Thomas. Mr. and Mrs. Quid, left at
once for Miami where they will make
their home for the present.
Mrs. Quid, who is the niece of Dr.
John is Thomas, came here a year
ago from Michigan. An unusually de
lightful personality and pleasant man
ner has made her a legion of friends
during her twelve-months' stay ii
Phoenix. There were many expres
sions of surprise when word of the
marriage leaked out at the state house
yesterday, for none of her associates
had been taken into the secret.
Mr. Quid is an accountant whose
business will require his presence in
Gila county during the early winter
months.
Th,at the teachers of public schools in
Arizona which have been closed for so
mffiy weeks on account of the epidemic
of Spanish influenza should receive full
pay, regardless of whether the schools
were open or not, is the opinion of C.
O. Case, state superintendent of public
instruction, and that ho also believes
that the laws of the state provide for
full payment of salaries, will be good
news to the many teachers who have j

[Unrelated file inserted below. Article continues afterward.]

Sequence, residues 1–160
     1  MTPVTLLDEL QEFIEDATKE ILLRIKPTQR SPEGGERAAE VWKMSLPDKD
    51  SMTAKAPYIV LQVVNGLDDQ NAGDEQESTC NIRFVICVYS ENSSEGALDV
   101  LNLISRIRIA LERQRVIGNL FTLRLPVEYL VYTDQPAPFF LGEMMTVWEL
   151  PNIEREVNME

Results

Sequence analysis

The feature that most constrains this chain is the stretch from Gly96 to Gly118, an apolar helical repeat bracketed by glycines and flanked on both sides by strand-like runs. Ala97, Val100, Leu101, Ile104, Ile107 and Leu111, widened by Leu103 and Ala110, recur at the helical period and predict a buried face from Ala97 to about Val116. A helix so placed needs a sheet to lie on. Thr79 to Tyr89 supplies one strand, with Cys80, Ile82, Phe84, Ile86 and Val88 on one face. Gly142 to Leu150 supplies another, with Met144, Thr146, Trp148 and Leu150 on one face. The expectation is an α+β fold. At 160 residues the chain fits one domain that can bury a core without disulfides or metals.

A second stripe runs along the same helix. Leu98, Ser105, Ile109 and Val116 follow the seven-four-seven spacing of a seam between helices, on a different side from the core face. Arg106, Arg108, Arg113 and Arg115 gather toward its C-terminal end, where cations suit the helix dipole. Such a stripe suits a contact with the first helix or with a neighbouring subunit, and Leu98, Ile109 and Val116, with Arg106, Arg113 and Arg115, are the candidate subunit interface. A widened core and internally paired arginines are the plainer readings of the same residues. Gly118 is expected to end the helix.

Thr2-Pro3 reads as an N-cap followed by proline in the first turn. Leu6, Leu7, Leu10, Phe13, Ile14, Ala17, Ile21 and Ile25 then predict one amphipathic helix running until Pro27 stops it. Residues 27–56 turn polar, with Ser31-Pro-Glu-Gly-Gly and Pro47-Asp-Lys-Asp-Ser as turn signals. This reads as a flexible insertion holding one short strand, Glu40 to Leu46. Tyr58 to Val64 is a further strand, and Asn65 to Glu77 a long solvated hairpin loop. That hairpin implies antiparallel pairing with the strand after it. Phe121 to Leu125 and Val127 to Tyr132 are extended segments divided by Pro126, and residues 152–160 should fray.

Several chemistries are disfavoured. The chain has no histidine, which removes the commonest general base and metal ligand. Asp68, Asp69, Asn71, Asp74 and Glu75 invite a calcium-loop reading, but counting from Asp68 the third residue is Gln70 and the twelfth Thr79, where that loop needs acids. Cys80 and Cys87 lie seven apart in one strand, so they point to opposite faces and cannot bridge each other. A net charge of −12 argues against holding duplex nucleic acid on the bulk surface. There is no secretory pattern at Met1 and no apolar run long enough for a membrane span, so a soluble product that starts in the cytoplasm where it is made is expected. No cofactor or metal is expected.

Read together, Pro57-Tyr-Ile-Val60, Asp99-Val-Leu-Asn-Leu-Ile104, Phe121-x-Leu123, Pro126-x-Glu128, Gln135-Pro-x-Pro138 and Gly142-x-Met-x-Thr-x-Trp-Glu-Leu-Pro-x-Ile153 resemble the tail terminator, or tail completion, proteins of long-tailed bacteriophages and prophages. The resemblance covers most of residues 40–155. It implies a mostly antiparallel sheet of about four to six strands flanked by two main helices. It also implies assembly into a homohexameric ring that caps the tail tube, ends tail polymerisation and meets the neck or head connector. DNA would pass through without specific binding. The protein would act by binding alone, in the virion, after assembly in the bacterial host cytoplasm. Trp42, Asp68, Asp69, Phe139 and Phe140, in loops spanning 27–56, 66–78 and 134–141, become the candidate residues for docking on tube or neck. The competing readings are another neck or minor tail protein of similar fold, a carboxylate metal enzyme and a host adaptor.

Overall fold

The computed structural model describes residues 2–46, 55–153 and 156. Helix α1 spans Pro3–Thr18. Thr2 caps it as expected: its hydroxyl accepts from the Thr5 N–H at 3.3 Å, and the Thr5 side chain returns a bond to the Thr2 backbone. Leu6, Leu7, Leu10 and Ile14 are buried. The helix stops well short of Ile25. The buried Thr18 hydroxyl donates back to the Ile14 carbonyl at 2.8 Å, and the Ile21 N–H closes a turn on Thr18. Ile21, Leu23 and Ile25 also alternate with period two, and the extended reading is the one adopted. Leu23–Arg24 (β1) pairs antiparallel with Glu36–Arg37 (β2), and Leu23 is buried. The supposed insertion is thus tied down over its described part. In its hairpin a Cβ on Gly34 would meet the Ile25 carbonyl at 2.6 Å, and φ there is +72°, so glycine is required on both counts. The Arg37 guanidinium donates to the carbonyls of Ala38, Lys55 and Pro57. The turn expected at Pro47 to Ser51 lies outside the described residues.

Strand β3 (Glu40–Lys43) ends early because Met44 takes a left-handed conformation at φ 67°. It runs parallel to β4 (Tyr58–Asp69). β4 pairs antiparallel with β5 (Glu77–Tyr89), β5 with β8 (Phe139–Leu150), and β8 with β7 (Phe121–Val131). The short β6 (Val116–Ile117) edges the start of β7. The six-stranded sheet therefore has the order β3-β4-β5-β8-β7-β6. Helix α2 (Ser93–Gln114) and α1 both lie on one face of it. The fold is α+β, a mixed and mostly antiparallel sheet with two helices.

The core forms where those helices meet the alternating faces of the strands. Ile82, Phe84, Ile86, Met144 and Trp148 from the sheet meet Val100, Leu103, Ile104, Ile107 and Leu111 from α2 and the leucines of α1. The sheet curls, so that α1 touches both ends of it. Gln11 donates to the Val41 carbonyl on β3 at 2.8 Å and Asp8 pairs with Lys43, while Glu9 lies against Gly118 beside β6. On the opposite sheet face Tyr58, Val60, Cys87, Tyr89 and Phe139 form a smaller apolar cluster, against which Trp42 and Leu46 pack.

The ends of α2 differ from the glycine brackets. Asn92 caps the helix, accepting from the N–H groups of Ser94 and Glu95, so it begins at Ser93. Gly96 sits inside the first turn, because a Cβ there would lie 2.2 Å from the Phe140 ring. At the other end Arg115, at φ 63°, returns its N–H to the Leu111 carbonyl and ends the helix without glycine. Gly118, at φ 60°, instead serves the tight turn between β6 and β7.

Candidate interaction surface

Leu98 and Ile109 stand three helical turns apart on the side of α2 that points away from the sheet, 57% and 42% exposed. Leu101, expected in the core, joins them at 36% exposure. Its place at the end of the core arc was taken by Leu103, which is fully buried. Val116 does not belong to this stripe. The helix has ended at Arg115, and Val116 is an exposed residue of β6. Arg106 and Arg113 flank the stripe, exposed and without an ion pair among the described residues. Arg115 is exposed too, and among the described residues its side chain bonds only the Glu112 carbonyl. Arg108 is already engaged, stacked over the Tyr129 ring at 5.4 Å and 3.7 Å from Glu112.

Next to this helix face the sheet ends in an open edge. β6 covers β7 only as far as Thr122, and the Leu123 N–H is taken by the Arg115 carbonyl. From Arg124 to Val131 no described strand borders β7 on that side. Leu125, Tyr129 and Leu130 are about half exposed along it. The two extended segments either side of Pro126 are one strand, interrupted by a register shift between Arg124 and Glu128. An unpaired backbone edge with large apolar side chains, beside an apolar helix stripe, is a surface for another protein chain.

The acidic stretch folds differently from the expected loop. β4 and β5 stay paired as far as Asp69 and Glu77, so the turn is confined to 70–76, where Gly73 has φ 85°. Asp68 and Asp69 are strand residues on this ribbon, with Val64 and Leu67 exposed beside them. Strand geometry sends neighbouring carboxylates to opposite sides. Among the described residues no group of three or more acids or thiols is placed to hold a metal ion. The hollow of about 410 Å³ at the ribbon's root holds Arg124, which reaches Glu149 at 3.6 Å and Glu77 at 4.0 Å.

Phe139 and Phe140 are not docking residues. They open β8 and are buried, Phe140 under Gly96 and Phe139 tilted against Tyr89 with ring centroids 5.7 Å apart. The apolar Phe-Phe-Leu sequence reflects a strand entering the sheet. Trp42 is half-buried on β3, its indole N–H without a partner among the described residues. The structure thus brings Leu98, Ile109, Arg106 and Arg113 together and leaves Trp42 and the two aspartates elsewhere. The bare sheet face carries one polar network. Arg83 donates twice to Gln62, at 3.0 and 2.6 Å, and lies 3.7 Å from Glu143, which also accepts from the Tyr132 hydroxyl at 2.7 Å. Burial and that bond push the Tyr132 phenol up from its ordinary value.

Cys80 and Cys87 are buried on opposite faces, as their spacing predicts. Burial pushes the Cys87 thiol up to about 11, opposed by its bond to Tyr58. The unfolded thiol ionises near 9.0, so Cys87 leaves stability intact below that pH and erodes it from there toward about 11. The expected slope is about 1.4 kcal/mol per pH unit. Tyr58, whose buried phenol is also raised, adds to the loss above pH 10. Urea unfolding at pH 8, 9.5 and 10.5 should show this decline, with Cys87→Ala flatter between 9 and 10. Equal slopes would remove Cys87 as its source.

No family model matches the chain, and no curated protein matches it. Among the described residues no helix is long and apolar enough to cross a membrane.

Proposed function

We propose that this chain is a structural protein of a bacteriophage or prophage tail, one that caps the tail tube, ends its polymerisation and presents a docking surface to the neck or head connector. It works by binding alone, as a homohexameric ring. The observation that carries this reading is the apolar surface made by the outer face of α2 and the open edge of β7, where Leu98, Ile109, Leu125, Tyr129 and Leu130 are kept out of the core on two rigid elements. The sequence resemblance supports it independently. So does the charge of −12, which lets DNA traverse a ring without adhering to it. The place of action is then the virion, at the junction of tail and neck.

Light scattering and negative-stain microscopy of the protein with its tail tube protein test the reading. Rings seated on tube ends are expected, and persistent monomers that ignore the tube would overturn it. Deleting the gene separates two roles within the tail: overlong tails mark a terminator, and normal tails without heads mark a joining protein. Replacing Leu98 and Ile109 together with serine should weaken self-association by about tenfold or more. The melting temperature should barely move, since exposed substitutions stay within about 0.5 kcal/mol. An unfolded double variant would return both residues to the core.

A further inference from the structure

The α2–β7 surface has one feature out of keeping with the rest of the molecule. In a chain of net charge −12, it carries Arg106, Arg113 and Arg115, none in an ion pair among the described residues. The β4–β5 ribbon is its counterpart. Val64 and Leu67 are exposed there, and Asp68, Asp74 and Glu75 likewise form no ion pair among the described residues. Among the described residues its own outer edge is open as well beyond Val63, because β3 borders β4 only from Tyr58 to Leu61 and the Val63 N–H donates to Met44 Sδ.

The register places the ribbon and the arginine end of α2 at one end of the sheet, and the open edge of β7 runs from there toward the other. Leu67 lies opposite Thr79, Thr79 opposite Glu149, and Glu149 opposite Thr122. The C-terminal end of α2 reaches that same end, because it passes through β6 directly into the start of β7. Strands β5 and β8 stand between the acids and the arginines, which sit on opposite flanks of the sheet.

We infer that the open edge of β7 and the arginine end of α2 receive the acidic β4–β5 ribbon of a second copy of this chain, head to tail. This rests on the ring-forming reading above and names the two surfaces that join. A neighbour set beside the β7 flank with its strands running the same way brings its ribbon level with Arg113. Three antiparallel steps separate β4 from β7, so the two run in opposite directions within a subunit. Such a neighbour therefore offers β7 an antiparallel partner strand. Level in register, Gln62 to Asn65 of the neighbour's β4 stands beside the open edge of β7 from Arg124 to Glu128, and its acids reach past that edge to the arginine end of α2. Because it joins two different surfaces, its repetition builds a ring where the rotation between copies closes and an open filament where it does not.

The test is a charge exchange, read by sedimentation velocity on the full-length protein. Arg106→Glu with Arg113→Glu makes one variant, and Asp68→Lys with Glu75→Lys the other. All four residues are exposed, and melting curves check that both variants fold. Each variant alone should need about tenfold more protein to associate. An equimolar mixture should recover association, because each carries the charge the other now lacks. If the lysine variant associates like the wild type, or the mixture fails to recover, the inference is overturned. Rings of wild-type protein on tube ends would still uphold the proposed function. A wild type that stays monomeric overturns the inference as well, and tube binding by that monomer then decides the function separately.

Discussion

been seriously inconvenienced through !
the closing of the schools and the non-
payment of salaries. j
With reference to the right of the j
teachers to receive their full pay for ;
the time the schools are closed because j
of the epidemic. Superintendent Case ;
makes tho following statement: j
Should Have Full Pay
"Hard conditions occasioned by an j
unusual epidemic have closed, for an !
extended period, tho public schools of 1
Arizona, and these conditions, over
which teachers of this state have no i
control, have suspended the services of j
the teacbers, at the same time holding
them liable to resumption o service at
any time.
"I feel in all justice to the teachers
that their full salaries should be al
lowed for the period during which the
schools may be closed on account of the
epidemic. It is also my opinion that,
as a matter of law, unless otherwise
stipulated by contract, that no deduc
tion can be made from teachers' sala
ries during the time the schools may be
closed on account of the epidemic.
No Desire to Cut Salaries
I am not aware that there is any
tendency on the part of school boards
m Arizona to deduct from the salaries
of the teachers because of the prevail
ing iiiiiucn.a; inn, wiieiuei ui noi. mis
tendency prevails, I deem it my duty
to slate my views in the matter.
"Dr. J. W. Crabtree, secretary of the
National Education association, has
written me advising that in no state
have teachers' salaries been increased
to keep pace with the increased cost of
living, that it is exceedingly difficult
for them to. make ends meet and that
tho National Education association is
advocating that teachers should suffer
no reduction of salaries for the loss of